B. Discussion

In this matter, the Double Jeopardy Clause simply is not implicated. A private, civil bankruptcy proceeding and criminal prosecution do not constitute a violation of the Double Jeopardy Clause because the bankruptcy litigation was not criminal, nor did it involve the government. See Helvering v. Mitchell, 303 U.S. 391, 398-99, 58 S. Ct. 630, 633, 82 L. Ed. 917 (1938) ("Unless ... the proceeding is essentially criminal, the double jeopardy clause provided for the defendant in criminal prosecutions is not applicable.") (emphasis added); Hudson v. United States, 522 U.S. 93, 99, 118 S. Ct. 488, 493, 139 L. Ed. 2d 450 (1997); Breed v. Jones, 421 U.S. 519, 528, 95 S. Ct. 1779, 1785, 44 L. Ed. 2d 346 (1975); United States ex rel. Marcus v. Hess, 317 U.S. 519, 548-49, 63 S. Ct. 379, 386, 87 L. Ed. 443 (1943).

The bankruptcy proceedings were between private parties: Goyal and his creditors. IBMCC's decision to seek a judgment in bankruptcy court had no effect on the government's criminal prosecution of Goyal. The distinction between government prosecutions and private civil proceedings was made clear in Halper, at 449, 109 S. Ct. at 1902: "[N]othing in today's opinion precludes a private party from filing a civil suit seeking damages for conduct that previously was the subject of criminal prosecution and punishment. The protections of the Double Jeopardy Clause are not triggered by litigation between private parties."

Nor do our present circumstances mirror the civil forfeiture line of cases cited by the petitioner and the government. Those cases were civil actions brought by the government to seize property or fine defendants who were also subject to criminal prosecutions. To repeat, here the government did not participate in the bankruptcy proceedings; the bankruptcy litigation was a private, civil matter. Because the two proceedings were not brought by one sovereign entity, there is no need to analyze whether the bankruptcy order constitutes "punishment" as defined by Halper and its progeny. "In order for the Double Jeopardy Clause to have any application, there must be actions by a sovereign, which place an individual twice in jeopardy. The Double Jeopardy Clause does not apply to actions involving private individuals." United States v. Beszborn, 21 F.3d 62, 67 (5th Cir. 1994), cert. denied, 513 U.S. 934, 115 S. Ct. 330, 130 L. Ed. 2d 288 (1994). Goyal's predicament did not result from two actions by the government; there was no violation of the Double Jeopardy Clause.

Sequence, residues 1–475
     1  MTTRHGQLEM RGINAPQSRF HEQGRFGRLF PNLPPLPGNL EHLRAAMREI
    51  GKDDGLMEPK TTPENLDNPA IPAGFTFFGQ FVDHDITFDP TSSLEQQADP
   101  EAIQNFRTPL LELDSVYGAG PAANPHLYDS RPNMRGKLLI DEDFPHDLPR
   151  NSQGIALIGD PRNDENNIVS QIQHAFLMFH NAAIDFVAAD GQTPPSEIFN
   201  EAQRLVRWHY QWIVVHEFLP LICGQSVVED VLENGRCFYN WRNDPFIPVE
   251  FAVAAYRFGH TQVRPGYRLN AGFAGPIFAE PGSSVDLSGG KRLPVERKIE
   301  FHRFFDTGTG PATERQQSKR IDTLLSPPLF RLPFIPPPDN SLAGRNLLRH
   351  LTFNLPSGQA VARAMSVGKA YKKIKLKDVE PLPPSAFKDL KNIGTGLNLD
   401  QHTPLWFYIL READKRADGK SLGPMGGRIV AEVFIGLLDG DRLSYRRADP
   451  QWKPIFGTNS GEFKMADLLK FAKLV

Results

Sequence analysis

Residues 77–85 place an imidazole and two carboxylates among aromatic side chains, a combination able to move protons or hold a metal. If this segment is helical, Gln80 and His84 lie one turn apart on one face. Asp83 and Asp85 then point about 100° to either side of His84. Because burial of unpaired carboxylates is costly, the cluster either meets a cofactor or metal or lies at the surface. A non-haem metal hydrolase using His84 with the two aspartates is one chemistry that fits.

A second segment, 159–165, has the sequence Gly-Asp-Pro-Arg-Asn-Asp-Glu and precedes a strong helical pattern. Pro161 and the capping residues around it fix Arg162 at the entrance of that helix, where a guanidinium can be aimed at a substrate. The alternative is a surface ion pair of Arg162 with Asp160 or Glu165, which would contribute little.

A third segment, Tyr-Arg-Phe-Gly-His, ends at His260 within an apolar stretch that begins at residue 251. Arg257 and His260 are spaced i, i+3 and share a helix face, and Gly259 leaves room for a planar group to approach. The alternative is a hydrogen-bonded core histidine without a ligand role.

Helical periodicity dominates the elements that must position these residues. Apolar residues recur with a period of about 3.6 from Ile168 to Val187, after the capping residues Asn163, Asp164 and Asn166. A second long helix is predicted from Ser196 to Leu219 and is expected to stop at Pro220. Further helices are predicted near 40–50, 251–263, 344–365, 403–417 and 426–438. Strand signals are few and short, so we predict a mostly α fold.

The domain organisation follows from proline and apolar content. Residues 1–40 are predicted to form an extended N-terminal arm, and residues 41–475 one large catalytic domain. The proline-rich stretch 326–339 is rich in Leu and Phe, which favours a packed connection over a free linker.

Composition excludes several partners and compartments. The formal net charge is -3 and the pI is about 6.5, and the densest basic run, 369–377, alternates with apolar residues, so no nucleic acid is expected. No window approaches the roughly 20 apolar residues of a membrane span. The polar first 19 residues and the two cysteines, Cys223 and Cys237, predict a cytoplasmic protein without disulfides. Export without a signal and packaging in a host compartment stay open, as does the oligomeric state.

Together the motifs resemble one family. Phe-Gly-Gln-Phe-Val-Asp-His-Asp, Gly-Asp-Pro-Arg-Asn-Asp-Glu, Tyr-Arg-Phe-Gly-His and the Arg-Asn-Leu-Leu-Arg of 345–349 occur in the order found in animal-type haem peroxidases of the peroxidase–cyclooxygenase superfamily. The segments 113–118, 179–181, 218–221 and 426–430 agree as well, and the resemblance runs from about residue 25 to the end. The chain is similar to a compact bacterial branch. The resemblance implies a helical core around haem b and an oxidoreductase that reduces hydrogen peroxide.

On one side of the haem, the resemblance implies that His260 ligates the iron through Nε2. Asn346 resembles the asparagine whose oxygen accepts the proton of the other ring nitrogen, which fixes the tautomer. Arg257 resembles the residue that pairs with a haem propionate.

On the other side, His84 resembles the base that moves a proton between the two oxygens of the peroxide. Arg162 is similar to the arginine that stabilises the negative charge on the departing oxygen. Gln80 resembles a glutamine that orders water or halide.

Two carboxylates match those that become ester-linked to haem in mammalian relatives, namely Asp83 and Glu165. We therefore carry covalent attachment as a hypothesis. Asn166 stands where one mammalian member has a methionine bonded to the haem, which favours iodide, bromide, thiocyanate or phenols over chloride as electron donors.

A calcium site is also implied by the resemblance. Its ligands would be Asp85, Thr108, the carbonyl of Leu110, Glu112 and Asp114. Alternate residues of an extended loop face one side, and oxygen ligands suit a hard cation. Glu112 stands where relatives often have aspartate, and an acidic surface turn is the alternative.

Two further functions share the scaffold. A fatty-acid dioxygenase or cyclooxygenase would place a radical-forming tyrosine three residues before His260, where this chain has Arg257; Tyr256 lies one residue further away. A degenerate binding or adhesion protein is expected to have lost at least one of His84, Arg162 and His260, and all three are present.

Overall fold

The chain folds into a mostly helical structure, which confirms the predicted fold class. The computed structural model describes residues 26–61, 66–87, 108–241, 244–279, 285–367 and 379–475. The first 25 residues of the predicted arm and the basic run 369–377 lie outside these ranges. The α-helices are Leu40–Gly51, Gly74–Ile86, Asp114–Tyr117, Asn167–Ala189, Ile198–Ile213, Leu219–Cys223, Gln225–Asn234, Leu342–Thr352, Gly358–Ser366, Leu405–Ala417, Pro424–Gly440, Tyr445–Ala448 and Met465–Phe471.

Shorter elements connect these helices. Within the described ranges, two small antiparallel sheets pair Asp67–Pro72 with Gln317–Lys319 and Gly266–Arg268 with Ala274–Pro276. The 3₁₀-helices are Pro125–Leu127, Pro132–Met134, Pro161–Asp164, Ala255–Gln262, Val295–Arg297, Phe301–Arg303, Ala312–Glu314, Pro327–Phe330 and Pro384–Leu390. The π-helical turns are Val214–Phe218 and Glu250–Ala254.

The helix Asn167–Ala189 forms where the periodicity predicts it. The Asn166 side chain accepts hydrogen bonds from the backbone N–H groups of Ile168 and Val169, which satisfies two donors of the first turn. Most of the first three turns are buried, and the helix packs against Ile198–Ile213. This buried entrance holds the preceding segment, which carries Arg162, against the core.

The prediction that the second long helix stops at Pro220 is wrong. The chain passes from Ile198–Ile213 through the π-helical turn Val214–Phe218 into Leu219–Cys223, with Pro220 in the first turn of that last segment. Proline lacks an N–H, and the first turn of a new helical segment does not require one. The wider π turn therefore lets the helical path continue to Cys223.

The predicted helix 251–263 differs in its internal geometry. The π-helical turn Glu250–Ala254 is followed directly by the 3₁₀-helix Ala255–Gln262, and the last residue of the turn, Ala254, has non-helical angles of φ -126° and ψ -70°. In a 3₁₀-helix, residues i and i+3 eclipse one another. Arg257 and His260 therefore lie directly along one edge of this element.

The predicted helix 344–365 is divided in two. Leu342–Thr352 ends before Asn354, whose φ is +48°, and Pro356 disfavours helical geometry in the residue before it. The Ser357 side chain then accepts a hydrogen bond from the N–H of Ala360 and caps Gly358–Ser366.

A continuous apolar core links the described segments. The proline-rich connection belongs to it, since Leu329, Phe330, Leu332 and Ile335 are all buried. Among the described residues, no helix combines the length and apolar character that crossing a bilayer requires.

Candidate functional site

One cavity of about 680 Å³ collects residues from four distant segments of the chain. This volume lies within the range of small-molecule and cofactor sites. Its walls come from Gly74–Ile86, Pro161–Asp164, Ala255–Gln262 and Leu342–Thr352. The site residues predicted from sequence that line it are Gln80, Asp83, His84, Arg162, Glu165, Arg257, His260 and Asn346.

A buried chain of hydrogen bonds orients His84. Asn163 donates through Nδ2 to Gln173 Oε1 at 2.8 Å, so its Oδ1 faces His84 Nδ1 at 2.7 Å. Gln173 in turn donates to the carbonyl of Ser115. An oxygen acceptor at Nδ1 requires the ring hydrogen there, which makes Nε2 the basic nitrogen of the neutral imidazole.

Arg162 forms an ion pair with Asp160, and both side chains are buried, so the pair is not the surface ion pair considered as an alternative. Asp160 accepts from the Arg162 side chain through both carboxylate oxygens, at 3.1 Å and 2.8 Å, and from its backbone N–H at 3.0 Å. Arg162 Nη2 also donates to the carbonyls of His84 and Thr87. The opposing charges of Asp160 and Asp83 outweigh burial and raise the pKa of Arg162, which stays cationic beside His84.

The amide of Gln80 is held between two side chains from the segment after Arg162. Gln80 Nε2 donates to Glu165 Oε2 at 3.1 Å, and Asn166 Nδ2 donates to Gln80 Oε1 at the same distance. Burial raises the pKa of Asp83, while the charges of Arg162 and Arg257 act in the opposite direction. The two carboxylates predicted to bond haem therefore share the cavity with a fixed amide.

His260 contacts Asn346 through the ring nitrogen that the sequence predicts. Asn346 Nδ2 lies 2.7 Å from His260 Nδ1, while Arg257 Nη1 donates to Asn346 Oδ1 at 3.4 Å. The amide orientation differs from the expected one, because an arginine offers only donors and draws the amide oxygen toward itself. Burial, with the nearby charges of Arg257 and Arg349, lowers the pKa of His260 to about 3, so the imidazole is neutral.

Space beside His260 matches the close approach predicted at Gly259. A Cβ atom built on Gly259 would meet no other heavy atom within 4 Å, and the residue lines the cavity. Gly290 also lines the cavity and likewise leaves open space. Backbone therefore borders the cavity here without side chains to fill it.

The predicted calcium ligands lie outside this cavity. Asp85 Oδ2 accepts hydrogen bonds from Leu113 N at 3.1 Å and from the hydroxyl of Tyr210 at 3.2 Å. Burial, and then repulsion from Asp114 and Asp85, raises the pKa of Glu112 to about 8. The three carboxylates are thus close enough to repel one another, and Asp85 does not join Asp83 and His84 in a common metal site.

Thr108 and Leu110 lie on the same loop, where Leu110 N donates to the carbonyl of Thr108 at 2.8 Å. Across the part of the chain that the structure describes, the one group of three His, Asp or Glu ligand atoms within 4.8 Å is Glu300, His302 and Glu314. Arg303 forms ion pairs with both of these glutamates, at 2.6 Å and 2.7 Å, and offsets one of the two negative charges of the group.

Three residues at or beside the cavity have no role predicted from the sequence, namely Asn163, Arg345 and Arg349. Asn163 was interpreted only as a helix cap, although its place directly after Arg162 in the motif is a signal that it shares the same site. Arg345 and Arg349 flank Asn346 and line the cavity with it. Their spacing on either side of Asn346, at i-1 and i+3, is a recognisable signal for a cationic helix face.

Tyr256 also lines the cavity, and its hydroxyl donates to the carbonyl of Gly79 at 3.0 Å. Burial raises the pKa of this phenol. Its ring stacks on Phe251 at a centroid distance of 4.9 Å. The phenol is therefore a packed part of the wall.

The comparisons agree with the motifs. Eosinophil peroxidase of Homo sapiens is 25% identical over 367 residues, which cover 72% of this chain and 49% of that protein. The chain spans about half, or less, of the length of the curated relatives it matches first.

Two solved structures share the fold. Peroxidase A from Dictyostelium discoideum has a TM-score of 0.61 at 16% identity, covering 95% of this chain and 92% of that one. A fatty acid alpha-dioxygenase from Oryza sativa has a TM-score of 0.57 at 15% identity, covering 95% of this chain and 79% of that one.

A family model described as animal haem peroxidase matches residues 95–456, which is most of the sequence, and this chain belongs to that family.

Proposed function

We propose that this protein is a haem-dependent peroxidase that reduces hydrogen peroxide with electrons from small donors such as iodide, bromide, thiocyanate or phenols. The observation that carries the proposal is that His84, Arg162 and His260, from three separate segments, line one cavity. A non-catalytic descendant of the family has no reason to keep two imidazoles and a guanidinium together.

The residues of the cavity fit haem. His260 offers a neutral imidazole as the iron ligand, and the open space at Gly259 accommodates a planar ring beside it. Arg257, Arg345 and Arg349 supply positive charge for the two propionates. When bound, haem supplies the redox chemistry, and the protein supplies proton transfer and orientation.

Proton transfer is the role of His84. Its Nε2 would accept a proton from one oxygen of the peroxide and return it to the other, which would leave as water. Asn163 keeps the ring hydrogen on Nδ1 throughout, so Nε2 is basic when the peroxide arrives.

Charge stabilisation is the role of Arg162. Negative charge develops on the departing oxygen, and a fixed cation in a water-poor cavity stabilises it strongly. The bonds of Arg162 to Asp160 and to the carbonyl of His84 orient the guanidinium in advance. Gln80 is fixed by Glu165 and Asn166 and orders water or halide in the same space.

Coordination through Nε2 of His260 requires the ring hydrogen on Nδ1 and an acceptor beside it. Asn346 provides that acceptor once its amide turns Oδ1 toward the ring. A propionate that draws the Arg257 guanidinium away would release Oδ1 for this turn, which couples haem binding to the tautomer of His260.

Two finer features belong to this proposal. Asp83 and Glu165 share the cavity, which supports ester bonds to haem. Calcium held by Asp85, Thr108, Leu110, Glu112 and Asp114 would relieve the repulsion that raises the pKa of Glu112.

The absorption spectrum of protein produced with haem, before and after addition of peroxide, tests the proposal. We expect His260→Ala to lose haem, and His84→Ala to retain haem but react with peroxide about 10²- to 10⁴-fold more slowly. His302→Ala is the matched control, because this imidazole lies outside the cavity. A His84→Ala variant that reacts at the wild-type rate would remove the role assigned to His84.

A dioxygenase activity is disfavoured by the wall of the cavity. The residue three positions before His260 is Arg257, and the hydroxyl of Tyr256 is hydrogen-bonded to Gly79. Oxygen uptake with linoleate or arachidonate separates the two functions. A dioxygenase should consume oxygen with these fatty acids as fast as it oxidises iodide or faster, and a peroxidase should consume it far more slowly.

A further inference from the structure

II. Excessive Sentence

A. Background

Goyal claims this Court violated his Due Process and Equal Protection rights when he received a sentence greater than necessary. *fn3 Additionally, Goyal asserts that the probation officer's Presentence Investigation Report was inaccurate and therefore resulted in a misapplication of the Sentencing Guidelines. Goyal claims the probation officer erred when he reported that IBMCC suffered a loss of $7 million, because the officer did not take into account the value of accounts receivables and inventory that Goyal possessed which would reduce that figure. (Pet'r Br. at 12.)

Goyal did not object to the Presentence Investigation Report or to the application of the Sentencing Guidelines before the sentencing court. In fact, Goyal stipulated in a letter dated February 12, 1997, that he had no objections to the report and he would not contest the amount of loss determined by IBMCC. (Addendum to P.I.R. at 17.) Moreover, Goyal did not directly appeal his sentence.